SACRAMENTO, California (Reuters) - California Democrats on Thursday dramatically scaled back their proposal for universal pre-kindergarten under opposition from Governor Jerry Brown, a Democrat who has charted a moderate fiscal course despite pressure from many within his party to use a projected surplus to increase spending on social services.
The $2.5 billion plan to offer free preschool to all 4-year-olds had been the top legislative effort this year by the state senate’s highest ranking Democrat, Darrell Steinberg, who is leaving office at the end of the year.
“My aspiration, which has not changed, is universal preschool for all 4-year-olds regardless of income,” Steinberg said in an interview on Thursday. “But that’s a significant cost over the short term.”
Now, Steinberg is proposing free preschool for children whose families make less than twice the federal poverty level, using funds that had been earmarked for children of all incomes who turn 5 after September 1, the state’s cutoff for starting kindergarten. The plan would cost about $1.3 billion.
The revamped proposal, unveiled as negotiations over the state budget are heating up, comes at a time when a call for what is known as universal pre-K is gaining traction around the country.
President Barack Obama called for a broad expansion of public pre-school in his State of the Union speech last year, though the move stalled in Congress. Bill de Blasio made universal pre-K a centerpiece of his successful New York mayoral campaign.
“From our perspective, ‘low-income’ includes about half the kids in the state,” said Ted Lempert, president of Oakland-based Children Now. “The need is very significant.”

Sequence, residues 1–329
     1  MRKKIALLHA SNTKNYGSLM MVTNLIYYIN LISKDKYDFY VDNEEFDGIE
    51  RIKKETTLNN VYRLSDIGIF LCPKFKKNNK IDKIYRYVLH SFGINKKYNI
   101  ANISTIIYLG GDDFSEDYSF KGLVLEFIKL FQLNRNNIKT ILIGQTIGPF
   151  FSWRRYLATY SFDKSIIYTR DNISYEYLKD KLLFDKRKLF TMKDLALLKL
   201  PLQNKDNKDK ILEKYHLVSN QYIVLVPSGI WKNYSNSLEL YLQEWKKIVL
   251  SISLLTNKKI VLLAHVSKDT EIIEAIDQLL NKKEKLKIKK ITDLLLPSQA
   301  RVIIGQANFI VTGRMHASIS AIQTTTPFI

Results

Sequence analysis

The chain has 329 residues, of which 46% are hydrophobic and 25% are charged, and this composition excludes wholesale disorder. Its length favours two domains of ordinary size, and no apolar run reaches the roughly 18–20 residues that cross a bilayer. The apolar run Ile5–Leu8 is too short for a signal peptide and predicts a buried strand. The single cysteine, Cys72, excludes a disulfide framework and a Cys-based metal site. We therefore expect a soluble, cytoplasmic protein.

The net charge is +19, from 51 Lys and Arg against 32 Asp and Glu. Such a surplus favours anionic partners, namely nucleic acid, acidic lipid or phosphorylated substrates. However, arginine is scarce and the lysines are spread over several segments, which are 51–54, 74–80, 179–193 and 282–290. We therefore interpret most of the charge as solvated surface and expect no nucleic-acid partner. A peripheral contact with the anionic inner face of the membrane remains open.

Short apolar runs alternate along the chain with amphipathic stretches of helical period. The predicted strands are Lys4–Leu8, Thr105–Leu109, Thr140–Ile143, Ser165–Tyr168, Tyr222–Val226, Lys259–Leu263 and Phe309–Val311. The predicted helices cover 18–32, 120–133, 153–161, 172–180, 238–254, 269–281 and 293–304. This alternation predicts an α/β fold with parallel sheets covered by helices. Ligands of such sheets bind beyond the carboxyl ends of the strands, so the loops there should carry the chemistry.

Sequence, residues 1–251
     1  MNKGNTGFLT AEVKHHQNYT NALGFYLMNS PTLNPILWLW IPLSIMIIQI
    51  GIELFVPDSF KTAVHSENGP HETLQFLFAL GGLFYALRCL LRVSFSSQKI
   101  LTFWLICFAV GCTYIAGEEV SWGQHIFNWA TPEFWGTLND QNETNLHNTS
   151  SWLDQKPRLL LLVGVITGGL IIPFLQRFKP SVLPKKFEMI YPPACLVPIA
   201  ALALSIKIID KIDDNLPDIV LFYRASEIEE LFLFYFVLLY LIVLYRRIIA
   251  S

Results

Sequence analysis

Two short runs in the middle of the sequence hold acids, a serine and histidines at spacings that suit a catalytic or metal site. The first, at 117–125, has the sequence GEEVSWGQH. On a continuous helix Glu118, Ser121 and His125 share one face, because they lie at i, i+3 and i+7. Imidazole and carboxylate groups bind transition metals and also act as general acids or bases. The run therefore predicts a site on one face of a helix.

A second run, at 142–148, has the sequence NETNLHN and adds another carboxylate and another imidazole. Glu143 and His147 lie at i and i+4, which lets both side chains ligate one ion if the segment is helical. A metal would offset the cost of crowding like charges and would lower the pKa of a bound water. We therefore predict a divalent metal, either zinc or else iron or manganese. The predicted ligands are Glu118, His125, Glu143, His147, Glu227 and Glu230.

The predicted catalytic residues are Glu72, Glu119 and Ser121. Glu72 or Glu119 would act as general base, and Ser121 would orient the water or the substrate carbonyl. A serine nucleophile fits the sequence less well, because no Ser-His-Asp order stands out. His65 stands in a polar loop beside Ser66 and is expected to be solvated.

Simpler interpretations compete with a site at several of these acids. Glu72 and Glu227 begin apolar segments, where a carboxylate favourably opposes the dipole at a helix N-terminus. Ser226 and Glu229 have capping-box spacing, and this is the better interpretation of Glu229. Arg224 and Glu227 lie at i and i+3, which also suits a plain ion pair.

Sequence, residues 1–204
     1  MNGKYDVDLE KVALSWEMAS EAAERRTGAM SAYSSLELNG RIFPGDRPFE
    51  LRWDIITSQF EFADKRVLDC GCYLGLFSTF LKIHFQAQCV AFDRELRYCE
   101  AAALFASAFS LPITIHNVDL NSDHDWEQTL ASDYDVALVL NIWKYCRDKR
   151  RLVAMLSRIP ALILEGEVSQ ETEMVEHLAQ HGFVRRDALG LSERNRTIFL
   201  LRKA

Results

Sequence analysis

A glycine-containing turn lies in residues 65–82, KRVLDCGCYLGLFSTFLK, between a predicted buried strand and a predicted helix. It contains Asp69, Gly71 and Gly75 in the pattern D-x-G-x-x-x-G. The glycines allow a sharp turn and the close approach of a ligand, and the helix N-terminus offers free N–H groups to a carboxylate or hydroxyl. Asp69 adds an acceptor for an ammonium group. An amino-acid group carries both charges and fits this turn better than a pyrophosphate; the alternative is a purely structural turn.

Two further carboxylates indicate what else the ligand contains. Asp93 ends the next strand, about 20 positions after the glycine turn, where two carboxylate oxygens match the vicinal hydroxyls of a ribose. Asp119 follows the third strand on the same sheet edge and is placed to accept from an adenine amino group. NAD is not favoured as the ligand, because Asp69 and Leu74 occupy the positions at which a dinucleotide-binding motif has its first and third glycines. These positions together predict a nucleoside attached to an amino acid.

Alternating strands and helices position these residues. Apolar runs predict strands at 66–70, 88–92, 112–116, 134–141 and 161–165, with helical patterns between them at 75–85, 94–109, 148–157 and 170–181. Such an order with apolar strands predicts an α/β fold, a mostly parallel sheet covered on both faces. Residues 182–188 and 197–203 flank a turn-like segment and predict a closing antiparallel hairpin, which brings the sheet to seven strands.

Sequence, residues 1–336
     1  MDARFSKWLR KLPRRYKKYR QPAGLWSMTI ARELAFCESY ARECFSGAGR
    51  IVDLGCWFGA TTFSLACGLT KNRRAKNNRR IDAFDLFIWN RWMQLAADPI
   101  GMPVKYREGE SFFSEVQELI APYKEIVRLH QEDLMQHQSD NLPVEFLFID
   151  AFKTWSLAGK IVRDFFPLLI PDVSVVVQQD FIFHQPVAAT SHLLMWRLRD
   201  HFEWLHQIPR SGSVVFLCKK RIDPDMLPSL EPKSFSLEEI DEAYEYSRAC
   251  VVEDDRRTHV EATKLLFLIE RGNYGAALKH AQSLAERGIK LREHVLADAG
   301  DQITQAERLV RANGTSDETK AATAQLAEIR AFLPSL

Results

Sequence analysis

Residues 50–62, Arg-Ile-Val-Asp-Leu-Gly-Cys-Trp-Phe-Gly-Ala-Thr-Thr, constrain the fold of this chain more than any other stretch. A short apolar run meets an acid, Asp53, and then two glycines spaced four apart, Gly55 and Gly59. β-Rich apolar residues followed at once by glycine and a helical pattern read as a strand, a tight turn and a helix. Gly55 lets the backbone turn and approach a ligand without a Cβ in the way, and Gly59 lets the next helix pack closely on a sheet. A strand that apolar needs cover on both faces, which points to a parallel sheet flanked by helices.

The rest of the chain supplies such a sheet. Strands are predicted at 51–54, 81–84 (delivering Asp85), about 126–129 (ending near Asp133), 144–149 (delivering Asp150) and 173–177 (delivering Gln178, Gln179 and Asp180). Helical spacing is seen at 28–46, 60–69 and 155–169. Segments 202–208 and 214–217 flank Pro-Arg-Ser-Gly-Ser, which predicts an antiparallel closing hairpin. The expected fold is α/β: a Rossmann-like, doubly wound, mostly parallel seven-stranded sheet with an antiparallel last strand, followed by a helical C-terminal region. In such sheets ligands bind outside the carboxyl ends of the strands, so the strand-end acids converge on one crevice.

A spokesman for Brown said the governor would review the proposal, but remains concerned that it commits the state to additional spending.
“Our overarching caution and concern is committing the state to higher ongoing levels of spending,” said spokesman H.D. Palmer.
The children served under Steinberg’s program are already eligible for free pre-school, said education advocate Deborah Kong, president of Early Edge California.
But the state has not been putting enough money in the programs to fund classroom spots for all of the needy children, and Steinberg’s new plan would do that.
“We think that this is a huge step forward,” Kong said. “Right now less than half of low-income kids who are eligible get preschool.”
The proposal would provide kindergarten preparatory classes for about 234,000 children, about half the number who would have been served under the earlier, more ambitious program, Steinberg’s office said.
The proposal and a similar measure in the state assembly have wide support among Democrats.
Steinberg’s plan would start in the 2015-2016 school year. He says $900 million of the total cost could be taken from a program for children who turn 5 too late in the year for kindergarten.
Brown is proposing spending $685 million on that program, which is expected to serve 96,000 children from all income levels in 2014-2015, said Palmer.
Editing by Mohammad Zargham